How do I calculate the statute of limitation for a collection?
Knowledge of applicable statutes of limitation (SOL) is almost always a key component of credit repair success. With the knowledge of your SOL you can know when your settlement offer is most likely to be accepted, when you can comfortably tell an aggressive collector to get lost, and even when you might be better off hiding.
Avoid Credit Repair Trouble
Conversely, without the knowledge of your SOL you may get yourself in credit repair trouble, attracting unwanted collection and legal activity. As important as it is, it is critical that you calculate the SOL very carefully as there are a few complexities to the process.
When the Clock Starts
First, you need to know that the SOL is the length of time a collector can sue you for a debt. Or, should they sue you after the expiration of the SOL you can get the case overturned by raising the SOL defense. The SOL clock starts with the date of your original default, which is the date of your first missed payment after you stopped paying.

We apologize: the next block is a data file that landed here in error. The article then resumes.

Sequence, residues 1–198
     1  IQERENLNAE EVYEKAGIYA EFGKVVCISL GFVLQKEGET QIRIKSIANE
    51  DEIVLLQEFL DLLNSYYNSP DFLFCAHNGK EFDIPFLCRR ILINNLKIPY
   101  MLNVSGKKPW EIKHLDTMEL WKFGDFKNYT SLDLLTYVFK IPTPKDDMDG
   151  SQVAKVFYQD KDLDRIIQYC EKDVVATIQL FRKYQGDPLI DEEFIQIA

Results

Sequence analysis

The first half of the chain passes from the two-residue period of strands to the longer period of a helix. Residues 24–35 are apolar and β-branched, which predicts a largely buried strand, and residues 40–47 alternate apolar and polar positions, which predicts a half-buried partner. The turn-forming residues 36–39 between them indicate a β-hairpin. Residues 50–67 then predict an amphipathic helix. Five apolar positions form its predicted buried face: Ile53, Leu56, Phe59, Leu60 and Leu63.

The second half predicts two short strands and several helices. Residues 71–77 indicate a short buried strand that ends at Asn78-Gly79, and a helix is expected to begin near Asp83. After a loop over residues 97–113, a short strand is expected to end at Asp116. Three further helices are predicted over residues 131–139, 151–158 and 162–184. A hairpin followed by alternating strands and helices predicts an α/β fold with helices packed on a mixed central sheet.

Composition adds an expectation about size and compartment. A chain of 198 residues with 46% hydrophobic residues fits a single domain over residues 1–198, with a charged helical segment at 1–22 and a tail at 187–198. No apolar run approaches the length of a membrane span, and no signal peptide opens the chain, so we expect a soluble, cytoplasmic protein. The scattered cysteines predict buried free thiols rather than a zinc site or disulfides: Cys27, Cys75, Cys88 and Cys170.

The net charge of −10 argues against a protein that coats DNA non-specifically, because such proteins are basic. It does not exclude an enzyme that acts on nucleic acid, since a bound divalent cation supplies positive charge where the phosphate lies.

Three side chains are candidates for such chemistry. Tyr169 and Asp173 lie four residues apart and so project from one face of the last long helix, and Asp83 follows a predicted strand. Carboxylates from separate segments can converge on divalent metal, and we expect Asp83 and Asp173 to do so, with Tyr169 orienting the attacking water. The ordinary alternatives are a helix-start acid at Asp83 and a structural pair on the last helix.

Resetting the SOL Clock
Default dates are not reset by collectors when they purchase a debt, but they can be reset if you enter into a repayment plan, so we always advise our credit repair customers to think twice before making a payment arrangement.
SOL is Not the Reporting Period Limit
To address a common misconception people starting credit repair services often have, the SOL has no bearing on the reporting period limit. The SOL is about the legal leverage the owner of the debt has, whereas the reporting period limit is the length of time the credit bureaus may display derogatory information on your credit report. The SOL is almost always considerably shorter.
Getting the Facts
Your SOL is specific to your state as well as the category of the subject debt; credit cards (open ended contracts), car loans (promissory contracts), etc. In some cases collectors can choose between two SOLs, the SOL for the contract state and the SOL of your current residence so check both and proceed with caution.
Getting Professional Help
It is always advisable to get the opinion of a credit repair professional before deciding to dispute an active collection. If you are a member of our program we will do all of the homework for you and insure that you will not trigger any unexpected legal action. And if you plan to negotiate a debt, the same holds true. We will examine all of the relevant criteria to determine the likely flexibility of the collector. A little homework can save you a lot of money.